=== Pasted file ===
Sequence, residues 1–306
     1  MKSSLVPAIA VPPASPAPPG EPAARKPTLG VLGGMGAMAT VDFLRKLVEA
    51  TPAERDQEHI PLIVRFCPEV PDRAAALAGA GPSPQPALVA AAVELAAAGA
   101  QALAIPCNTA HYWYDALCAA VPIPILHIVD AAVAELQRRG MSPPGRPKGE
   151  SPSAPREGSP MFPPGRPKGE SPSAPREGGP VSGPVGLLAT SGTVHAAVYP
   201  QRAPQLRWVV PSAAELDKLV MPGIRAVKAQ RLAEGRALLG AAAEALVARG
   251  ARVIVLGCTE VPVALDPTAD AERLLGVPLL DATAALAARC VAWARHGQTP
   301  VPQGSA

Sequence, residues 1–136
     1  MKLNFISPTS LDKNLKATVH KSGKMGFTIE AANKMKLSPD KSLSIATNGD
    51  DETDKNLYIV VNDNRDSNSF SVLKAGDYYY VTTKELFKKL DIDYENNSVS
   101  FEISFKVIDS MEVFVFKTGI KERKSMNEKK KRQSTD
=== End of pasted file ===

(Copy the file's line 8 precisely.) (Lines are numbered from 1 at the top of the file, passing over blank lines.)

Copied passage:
   301  VPQGSA